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JC (Jessica) Torpey, IT specialist (10+ yrs.) turned writer (5+ yrs.), lives in Philadelphia, PA. A Goth at heart who lives Geek Chic, JC specializes in tech topics including Internet safety, security, and troubleshooting; malware identification and annihilation, mobile devices and technology, and others, although she slings dating and relationship advice and her strong political opinions with the best of them.

A freelance contributor to such websites as Yahoo! News, TV, Movies, Shopping and Voices, JC was also a part the Featured Technology Contributor program at Yahoo! Voices from November 2009 until December 2012.

She’s won awards for her technology based content, and certificates for her customer service, design, Information Technology, management, and writing skills.

JC combines her enthusiasm and knowledge of tech with her passion for writing hoping to captivate, educate, and guide anyone willing to learn.

EDUCATION:  In process of earning BA in Journalism and Mass Communications from Ashford University BLOG:  My Blog
CERTIFICATIONS:  Internet Security, IT Terminology, Computer Fundamentals (Win XP), Computer Fundamentals (Win 7), U.S. English Vocabulary, U.S. English Spelling, U.S. English Written English, U.S. English Word Usage, U.S. English Punctuation Mechanics, U.S. English Online Article Writing & Blogging, U.S. English Sentence Structure, Basic U.S. English Skills, Spanish to English Translation, and Professional U.S. English Vocabulary. Others in progress. CURRICULUM VITAE:  Must be logged in to view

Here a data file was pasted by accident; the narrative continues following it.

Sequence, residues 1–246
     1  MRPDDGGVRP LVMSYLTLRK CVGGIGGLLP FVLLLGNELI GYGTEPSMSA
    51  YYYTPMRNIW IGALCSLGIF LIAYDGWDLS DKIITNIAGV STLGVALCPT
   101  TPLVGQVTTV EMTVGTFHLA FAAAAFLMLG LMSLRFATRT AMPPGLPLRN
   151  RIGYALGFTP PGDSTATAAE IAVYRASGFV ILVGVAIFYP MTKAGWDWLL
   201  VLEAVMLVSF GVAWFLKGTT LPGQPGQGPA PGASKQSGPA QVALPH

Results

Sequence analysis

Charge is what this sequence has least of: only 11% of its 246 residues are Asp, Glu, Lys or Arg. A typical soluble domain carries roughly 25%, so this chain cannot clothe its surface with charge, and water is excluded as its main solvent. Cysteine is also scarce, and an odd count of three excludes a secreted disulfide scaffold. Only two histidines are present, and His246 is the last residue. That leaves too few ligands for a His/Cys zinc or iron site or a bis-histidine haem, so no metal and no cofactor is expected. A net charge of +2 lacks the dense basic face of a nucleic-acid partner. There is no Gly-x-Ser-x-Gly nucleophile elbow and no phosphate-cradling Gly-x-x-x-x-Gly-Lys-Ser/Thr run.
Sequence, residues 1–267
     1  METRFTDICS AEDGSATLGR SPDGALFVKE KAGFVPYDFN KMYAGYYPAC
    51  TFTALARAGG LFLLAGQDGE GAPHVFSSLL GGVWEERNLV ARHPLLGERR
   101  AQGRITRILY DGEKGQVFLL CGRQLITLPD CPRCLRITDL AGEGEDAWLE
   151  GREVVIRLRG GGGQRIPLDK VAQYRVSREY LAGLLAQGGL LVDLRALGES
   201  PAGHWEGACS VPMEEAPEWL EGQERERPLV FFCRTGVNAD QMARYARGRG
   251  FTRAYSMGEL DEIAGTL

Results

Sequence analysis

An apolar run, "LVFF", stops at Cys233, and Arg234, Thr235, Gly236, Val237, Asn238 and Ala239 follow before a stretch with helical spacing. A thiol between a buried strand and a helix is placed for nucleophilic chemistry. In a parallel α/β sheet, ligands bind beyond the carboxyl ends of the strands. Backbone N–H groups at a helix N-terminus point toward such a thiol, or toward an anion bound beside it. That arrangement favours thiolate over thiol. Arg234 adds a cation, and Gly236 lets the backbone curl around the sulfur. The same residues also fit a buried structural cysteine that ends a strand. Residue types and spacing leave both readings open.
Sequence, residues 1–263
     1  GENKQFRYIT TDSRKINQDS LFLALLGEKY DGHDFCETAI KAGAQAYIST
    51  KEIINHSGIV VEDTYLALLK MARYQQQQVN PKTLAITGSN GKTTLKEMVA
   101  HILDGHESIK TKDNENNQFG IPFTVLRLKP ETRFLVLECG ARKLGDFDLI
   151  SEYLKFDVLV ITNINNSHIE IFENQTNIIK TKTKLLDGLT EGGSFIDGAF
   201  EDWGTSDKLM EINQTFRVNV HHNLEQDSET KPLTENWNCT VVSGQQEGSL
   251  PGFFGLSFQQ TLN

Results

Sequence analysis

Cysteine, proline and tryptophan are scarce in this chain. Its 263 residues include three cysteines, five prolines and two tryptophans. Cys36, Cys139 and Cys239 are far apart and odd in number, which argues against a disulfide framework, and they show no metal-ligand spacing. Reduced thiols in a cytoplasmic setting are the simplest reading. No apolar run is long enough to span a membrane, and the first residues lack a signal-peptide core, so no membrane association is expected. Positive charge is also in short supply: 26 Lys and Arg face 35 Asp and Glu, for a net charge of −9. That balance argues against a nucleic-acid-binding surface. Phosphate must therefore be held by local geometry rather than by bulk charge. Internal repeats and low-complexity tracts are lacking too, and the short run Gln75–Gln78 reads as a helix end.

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Writing Sample

The following is published on Yahoo! News:

Massive Data Breach Affects 10 Million Global Payments Customers

What started as a small security breach of Global Payments, according to the Wall Street Journal, now affects more than 10 million cardholder accounts, according to Kerbs on Security. MasterCard and Visa maintain their systems are not affected. A Gartner report states those affected used their business debit and credit cards to pay for garage and taxi services in New York from Jan. 1 to Feb. 25. The good news is consumers with affected accounts will not be held liable for fraudulent activity, according to a ThreatPost report.

This Global Payments attack is one of many prominent payment-processor breaches in recent years.

A 2007 TJX, T.J. Maxx, and Marshall's security breach affected more than 94 million cardholders, according to USA Today. Using the stolen data, the perpetrators created counterfeit credit cards, used the fake cards to buy real $400 Wal-Mart and Sam's Club gift cards, then used the gift cards to make purchases totaling more than $1 million. Of the 10 people wanted for the crime, police arrested seven who all plead guilty, including ringleader Irving Escobar, while three others were still sought at the time of the report.

Heartland Payment Systems Breach -- 2008

The 2008 Heartland Payment Systems data breach affected more than 130 million cardholder accounts, according The Last Watch Dog, and the same group responsible for this breach was responsible for the TJX breach, including Albert Gonzalez, who used the same SQL Injection hack in both attacks. Breaching company firewalls, Gonzalez and others stole data -- before and after being arrested -- for a year. The single largest data breach in U.S. history, at the time of the original report, the others were still free and their identities unknown, although they are suspected of being Russian.

Second Heartland Breach -- 2010

A 2010 data breach of an Austin, Texas, restaurant affected only a few local people's credit and debit cards, according to a Statesman report. While police Cpl. Scott Perry said the breach was in the Heartland Payment Systems network -- the same Heartland Payment Systems that had 130 million credit card accounts stolen in 2009 -- Heartland disagreed in a news release. The company said its network was not compromised, it was not a target in the Austin data breach investigation, and the breach was merchant specific. Ultimately, four merchants were involved and the case is still ongoing.